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Re: Order of the Pearl and Teaching

Poster: Morgnne@aol.com

::::::waving her hands weakly in the air::::

I surrender!  Apparently, my thoughts about the difficulty of judging a
person worthy of a Pearl for teaching and/or research were taken by some to
mean "I don't think that a person should be given a Pearl for teaching and/or
research."  Not so!  There are difficulties in any process of selection.  I
merely meant to point out that there may (please note the "may" ) be more
difficulties in obtaining personal knowledge of the "product" of the teacher
(which, in Teleri's post.....once again, my perspective.... included the
people taught).  These difficulties do not make consideration impossible.
 Nevertheless, I would have a responsibility to be aware that the
difficulties exist.

Certainly, a paper that has been well-researched, thought-out, and written in
a good style, with the proper citing of sources can be considered a product
as well.   A research paper is just as much of a tangible product as, say, a
finely tooled leather belt (and yes, I do know what makes a good research
paper is, having recently graduated cum laude from University of Richmond.
Lord knows, I've done enough of 'em to last a lifetime!).  The point I'm
trying to make is that it is the knowledge that a person has been given that
is intangible, and therefore to a certain degree ephemeral (unless you want
to go around quizzing people, that is.... otherwise you have to encourage
them to teach!) So . . .

If I attend a University class taught by Lady X on the uses of medicinal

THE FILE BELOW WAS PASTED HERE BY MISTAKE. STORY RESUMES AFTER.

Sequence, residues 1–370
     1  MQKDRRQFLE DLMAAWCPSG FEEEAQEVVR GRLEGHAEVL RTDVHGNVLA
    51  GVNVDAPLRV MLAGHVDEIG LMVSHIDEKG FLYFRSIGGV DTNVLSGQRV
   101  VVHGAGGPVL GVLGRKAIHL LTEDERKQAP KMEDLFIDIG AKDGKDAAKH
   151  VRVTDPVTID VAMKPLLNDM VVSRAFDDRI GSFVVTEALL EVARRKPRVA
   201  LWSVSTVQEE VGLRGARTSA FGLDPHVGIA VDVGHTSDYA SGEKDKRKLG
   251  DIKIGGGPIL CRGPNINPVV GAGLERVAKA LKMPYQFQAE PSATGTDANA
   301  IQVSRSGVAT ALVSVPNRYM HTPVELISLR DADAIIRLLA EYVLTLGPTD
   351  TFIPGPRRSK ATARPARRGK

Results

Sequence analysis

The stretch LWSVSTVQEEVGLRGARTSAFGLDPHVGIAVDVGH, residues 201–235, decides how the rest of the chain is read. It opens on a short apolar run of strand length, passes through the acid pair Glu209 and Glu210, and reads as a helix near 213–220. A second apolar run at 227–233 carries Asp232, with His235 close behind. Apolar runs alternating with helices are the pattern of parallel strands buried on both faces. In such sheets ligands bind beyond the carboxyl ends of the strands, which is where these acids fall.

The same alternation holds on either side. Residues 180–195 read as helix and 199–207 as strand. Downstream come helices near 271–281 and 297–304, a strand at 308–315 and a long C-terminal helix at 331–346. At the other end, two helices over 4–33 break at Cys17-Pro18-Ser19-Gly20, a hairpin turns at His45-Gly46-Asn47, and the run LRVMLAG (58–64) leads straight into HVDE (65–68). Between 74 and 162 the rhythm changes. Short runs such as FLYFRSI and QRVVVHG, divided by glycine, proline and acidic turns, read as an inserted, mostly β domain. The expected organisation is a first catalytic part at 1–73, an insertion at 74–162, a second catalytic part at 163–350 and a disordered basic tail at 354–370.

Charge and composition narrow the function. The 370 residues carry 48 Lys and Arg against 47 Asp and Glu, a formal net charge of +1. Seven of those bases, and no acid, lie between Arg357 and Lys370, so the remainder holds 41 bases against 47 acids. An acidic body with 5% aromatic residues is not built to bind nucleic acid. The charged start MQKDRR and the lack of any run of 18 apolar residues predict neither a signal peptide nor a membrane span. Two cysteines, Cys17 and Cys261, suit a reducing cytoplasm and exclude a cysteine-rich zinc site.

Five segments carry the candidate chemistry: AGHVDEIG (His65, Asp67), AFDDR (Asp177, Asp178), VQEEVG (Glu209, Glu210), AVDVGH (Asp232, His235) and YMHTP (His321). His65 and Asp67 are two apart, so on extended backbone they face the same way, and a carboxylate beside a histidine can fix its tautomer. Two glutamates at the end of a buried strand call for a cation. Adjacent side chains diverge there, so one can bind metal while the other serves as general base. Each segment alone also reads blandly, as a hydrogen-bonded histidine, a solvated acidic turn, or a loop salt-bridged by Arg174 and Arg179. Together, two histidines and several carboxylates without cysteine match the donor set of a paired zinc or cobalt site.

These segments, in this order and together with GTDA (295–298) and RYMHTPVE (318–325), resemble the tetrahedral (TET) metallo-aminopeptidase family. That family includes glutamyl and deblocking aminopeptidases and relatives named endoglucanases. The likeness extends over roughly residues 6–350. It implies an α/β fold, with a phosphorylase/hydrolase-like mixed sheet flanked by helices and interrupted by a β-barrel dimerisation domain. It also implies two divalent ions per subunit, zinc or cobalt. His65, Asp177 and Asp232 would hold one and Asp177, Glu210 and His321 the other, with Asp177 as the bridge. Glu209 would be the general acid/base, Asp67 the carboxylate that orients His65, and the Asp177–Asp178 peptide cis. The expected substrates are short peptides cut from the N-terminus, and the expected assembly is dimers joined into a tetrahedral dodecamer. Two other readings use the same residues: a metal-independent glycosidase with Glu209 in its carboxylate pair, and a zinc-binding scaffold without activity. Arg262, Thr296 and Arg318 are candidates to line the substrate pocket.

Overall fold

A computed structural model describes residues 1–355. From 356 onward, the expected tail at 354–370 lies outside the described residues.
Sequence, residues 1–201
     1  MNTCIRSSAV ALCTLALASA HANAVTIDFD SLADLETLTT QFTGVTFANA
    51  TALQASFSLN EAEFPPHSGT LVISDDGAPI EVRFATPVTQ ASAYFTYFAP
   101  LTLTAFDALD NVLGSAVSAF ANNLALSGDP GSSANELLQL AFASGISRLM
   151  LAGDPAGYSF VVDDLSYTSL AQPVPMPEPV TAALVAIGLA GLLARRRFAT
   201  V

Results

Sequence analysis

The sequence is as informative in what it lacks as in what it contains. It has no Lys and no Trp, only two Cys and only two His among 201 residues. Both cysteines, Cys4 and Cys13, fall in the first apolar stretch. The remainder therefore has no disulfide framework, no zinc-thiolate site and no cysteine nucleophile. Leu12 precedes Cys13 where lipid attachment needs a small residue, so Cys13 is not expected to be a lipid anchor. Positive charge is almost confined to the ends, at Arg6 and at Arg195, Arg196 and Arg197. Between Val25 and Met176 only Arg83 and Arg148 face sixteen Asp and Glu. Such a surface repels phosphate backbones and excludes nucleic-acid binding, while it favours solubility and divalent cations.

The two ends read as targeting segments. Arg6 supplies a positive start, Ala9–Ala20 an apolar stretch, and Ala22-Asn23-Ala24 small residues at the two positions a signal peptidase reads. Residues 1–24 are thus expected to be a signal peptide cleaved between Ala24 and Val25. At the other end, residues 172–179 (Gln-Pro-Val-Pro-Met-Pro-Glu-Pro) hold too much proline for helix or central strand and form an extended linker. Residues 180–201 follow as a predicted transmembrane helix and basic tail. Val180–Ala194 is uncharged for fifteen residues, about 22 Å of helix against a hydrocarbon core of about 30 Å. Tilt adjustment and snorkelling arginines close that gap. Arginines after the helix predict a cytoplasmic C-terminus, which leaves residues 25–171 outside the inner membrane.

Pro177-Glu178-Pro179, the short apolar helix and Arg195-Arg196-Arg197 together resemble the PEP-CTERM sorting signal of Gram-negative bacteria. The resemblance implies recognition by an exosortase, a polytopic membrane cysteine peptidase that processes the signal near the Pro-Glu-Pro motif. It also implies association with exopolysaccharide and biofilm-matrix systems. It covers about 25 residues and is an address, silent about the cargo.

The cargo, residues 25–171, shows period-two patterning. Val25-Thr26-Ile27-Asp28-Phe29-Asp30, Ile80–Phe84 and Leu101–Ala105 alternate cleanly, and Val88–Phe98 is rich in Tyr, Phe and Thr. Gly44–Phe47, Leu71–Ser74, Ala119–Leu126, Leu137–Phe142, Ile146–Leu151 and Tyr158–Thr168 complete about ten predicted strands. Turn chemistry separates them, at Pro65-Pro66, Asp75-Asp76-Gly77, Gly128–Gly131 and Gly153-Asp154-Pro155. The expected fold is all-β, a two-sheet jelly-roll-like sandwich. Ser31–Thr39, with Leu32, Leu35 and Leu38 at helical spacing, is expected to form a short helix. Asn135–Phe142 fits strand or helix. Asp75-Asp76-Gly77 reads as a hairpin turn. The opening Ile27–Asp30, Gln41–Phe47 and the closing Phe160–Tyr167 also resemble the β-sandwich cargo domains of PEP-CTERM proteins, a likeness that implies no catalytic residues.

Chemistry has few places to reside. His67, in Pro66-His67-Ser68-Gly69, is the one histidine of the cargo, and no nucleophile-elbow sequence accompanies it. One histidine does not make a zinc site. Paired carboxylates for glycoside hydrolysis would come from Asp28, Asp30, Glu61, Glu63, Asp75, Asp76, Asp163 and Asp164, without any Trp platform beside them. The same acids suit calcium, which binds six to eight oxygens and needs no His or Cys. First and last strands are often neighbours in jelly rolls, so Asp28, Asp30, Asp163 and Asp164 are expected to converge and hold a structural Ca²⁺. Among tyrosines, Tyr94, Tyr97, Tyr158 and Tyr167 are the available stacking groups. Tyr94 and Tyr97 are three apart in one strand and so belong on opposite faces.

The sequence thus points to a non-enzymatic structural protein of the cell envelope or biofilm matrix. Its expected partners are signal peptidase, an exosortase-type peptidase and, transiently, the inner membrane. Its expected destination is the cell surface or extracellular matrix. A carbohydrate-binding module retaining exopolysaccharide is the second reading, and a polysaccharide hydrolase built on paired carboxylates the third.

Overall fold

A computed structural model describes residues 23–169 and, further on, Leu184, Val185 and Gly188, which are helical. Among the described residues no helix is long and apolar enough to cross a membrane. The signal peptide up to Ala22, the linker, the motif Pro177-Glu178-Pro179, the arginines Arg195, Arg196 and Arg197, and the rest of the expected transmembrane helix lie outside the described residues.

herbs in the 14th century, and the class is well-taught, well-documented, and
interesting,  then certainly, I might be thinking along the lines of a Pearl
candidate.  I would especially be thinking along those lines if Lady X
continued to teach on a regular basis classes that were well-taught,
well-documented, and interesting.  Just as seeing a certain item at an A&S
competition raises a "hmmmm" in my brain, so does a good teacher. I certainly
wouldn't sniff, cock my nose to the sky, and go, "but what does she MAKE?"  I
would, however,  make it a point to keep track of Lady X to see if she
continues to exhibit the high level of work that originally raised the
"hmmmm," and if she continued to exhibit a trend of quality teaching, would
not hesitate to recommend an award. 

Dame Teleri's post says it better than anything I could come up with (with
pardons for the length of the <snip>):

<<For example, I have seen one display at a Kingdom Twelfth Night several
ago that was well researched and museum quality in itself--while it did
display a "craft" made by the displayer, it was presented in a way that put
that item in its social and cultural context. I came away understanding a
great deal more about Anglo-Saxon society from this display. I felt that
the displayer was as commendable as an "historian" as she was a
"craftswoman." While research papers/articles are an excellent way to
display research/teaching abilities, classes, workshops, demonstrations,
and museum-type displays are also good ways to do this as well.>>

Exactly! Many thanks, Dame Teleri!          :-)   <---------here's your
"smiley face"


::::::raising her mug of ale high and grinning:::::::::

"Est modo ludus."

(Bar-keep, a round for the house!)



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